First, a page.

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September 1, 2023

Fascinating accounting of Hawaii's unusual sentencing process and increasing minimum terms

This lengthy new article from Honolulu City Beat provides an interesting review of Hawaii's unique sentencing system and recent trends. The full headline provides the basics: "Hawaii’s Sentencing Process Is Complicating Efforts To Reform The Prison System: More aggressive minimum sentences coincide with severe overcrowding and deteriorating prison conditions." Here are some of the particulars:

In the last six years, of the 10 most common offenses, nine have seen their average minimum sentence increase, a Civil Beat analysis has found. Several offenses have seen spikes in minimums of more than 20%, while second-degree assault minimums more than doubled.  The minimum sentence for first-degree burglary has gone from just under four years to over six years, meaning inmates convicted in 2022 will spend nearly two more years in prison before they’re eligible for parole than their 2017 counterparts.

Hawaii is the only state that assigns a paroling authority the responsibility for setting minimum sentences for felonies, which determine how long before prisoners are eligible for parole.  Inmates can be grilled on their drug and life habits before getting slapped with a minimum sentence well beyond what they might have expected....

The longer minimums also come as severe overcrowding and dilapidated conditions in jails and prisons across the state.  In a July Department of Public Safety newsletter, DPS Director Tommy Johnson said he plans to "shift from what some may see as a punitive incarceration model to a model focused on treatment, education, and successful re-entry."

But the trend toward longer minimum sentences is an "insight into the fact that rather than becoming more therapeutic, the system's becoming more punitive," said former Hawaii Associate Supreme Court Justice Michael Wilson....

The sentencing guidelines on the HPA website lay out a set of criteria but specify that the authority may "deviate from the guidelines" with a written justification to do so. DPS, which encompasses the paroling authority, declined to answer questions about changes in sentencing or provide data on the criteria used, saying in an email that justifications are done on a case-by-case basis. It also declined to provide data on the criteria used in sentencing, saying that was "not in a readily available format."

Deputy public defender Jon Ikenaga said the current parole board has made "it clear that they don't feel bound at all by the trial court decision," making it hard to advise clients on whether to take a plea deal or go to trial.

Part of the struggle to understand parole board decisions comes from a lack of available data.  Data for offense-level minimum terms is available in annual reports posted by the HPA, but there is no information on basic characteristics that can impact sentencing such as prior convictions or level of offense.  Data on demographics like race or gender also is not available....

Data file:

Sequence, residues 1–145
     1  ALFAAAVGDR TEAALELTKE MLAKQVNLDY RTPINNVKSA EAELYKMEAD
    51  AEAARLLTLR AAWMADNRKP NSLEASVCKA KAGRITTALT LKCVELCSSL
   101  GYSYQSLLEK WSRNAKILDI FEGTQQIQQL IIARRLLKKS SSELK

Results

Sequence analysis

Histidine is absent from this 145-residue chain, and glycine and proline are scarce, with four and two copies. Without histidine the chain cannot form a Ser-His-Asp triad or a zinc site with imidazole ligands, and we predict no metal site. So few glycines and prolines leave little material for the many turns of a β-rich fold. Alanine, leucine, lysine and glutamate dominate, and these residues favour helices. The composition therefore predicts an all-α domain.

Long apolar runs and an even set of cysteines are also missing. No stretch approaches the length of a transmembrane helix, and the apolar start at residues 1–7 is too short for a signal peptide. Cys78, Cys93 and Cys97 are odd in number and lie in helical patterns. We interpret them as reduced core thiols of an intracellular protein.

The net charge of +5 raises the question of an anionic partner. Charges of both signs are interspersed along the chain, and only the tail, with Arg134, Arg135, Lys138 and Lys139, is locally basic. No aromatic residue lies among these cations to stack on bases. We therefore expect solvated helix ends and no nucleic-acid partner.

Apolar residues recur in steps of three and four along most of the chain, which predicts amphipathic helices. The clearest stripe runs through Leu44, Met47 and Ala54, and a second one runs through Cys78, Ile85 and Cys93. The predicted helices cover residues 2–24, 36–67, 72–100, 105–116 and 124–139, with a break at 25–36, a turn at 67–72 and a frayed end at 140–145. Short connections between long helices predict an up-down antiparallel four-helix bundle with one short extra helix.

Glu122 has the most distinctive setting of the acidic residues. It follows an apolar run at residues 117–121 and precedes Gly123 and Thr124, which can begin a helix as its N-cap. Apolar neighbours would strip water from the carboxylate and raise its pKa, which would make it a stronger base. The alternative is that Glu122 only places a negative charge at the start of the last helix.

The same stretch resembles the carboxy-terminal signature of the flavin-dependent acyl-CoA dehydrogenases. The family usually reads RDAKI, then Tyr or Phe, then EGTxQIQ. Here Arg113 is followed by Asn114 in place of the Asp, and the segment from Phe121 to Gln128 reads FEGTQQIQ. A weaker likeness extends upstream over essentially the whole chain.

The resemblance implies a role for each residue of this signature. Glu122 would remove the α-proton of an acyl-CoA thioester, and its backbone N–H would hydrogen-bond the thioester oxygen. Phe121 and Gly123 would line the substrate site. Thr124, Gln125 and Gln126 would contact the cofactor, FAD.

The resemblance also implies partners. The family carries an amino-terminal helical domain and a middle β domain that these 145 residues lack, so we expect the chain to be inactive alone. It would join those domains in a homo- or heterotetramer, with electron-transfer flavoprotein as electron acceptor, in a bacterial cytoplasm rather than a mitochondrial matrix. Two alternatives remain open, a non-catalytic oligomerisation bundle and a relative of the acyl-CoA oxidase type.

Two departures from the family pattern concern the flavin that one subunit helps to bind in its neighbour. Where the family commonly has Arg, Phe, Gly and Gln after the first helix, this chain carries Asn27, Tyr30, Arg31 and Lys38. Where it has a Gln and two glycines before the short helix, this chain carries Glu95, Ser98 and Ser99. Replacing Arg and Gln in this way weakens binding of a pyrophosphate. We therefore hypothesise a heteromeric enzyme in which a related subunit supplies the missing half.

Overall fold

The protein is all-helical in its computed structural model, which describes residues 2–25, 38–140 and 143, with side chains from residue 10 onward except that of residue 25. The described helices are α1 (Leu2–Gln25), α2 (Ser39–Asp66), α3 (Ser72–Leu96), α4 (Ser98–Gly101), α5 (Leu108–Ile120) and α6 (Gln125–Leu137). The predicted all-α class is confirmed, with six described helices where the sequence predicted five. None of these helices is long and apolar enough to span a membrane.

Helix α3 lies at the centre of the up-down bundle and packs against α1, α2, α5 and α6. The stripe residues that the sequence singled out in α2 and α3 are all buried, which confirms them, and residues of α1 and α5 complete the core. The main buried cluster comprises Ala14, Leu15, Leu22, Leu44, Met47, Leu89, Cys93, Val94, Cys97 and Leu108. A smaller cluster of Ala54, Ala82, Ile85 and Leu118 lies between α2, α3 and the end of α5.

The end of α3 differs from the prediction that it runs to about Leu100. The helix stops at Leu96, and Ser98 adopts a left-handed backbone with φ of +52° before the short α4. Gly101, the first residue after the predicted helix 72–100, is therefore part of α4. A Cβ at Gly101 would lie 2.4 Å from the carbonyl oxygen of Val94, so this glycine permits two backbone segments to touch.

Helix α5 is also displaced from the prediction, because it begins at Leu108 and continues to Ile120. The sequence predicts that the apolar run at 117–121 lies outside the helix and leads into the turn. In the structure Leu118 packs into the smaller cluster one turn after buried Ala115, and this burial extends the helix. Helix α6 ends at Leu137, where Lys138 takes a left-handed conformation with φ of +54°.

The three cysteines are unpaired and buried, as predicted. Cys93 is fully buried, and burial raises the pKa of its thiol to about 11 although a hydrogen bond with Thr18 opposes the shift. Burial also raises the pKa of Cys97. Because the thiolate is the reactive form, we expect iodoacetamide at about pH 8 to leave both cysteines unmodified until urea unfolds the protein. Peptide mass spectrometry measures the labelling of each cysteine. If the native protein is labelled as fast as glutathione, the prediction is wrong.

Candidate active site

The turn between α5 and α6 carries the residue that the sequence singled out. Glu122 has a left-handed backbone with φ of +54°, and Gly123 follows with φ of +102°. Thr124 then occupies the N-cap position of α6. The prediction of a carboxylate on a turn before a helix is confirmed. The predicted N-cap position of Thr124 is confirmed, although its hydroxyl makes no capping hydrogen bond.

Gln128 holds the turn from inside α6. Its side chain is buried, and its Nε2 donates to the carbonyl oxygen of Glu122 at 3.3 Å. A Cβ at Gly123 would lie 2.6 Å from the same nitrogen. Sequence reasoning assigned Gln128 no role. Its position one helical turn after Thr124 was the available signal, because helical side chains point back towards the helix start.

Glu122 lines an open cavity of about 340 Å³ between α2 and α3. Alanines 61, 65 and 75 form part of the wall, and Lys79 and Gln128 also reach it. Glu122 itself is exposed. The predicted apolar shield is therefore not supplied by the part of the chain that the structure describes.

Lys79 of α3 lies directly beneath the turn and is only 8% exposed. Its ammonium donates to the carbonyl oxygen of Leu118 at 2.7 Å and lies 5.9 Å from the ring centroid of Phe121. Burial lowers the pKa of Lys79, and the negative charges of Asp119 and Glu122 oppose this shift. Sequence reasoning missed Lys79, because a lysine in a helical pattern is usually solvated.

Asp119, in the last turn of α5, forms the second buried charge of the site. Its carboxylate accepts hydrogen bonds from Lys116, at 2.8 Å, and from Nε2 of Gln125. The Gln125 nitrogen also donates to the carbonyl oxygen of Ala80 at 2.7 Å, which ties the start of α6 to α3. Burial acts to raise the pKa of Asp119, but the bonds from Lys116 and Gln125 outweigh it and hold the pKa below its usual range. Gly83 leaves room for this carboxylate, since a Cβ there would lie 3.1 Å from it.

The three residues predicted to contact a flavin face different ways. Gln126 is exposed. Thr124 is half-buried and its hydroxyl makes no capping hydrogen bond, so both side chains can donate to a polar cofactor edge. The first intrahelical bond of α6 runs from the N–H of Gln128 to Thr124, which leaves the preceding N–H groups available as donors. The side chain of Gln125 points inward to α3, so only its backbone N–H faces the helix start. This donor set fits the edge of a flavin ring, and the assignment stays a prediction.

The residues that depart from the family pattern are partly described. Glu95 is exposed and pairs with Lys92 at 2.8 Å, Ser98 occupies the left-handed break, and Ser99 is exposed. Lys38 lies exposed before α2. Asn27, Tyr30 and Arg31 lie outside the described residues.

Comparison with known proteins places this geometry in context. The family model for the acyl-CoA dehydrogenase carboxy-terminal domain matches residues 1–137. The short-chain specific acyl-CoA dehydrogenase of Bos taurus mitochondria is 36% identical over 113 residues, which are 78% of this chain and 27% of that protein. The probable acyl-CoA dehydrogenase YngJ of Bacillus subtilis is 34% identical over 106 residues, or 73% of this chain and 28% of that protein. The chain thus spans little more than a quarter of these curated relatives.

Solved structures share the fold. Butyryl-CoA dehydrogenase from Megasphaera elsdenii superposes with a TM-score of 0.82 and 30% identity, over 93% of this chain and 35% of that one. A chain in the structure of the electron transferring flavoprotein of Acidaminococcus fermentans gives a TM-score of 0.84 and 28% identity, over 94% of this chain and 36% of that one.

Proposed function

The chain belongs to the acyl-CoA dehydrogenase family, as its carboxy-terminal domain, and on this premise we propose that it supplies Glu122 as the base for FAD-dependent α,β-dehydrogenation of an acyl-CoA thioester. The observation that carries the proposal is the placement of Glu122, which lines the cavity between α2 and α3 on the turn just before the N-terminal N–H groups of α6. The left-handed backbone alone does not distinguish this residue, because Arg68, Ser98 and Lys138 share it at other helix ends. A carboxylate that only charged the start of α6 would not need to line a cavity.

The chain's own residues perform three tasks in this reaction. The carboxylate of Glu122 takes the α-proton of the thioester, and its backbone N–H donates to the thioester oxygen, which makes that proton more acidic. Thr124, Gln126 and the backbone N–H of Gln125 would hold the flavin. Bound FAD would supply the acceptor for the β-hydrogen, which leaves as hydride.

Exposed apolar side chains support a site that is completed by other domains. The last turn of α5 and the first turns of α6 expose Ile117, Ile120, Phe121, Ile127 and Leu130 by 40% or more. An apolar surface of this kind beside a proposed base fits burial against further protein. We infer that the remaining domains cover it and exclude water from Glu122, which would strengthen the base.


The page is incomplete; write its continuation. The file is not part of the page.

The need for data takes on greater significance considering the influence that the parole board has on the criminal justice system.  A report by the The Robina Institute of Criminal Law and Criminal Justice, a nonpartisan research institute at the University of Minnesota Law School, found that the the parole board in Hawaii is one of the most powerful in the country.

Because minimum sentences are left up to the discretion of the parole board, any patterns or deviations in sentencing are the result of voluntary decision-making on the part of the board members.  Other states have moved away from minimum sentencing, or have minimums set by trial judges who retain a level of judicial independence.  The Hawaii Paroling Authority consists of five members who are appointed by the governor and confirmed by the state Senate....

The Hawaii Correctional System Oversight Commission, the body tasked with moving Hawaii’s prisons and jails to a “rehabilitative and therapeutic model” of corrections, is bringing added scrutiny to the Hawaii Paroling Authority. Commission Chair Mark Patterson said "public confidence is down" in the parole board.  "There's a lack of transparency," Patterson said. "Who are these individuals that were given this power of decision-making?"

This year, legislators passed House Concurrent Resolution 23, creating a task force to study if HPA should have the responsibility of setting minimum terms. On Sept. 12, the task force, which is also chaired by Patterson, will be meeting to discuss the role of the parole board in minimum sentencing. "We just have to take a closer look at whether or not the minimum sentencing process of the Hawaiian Paroling Authority is beneficial to public safety," Patterson said.

September 1, 2023 at 10:43 AM | Permalink

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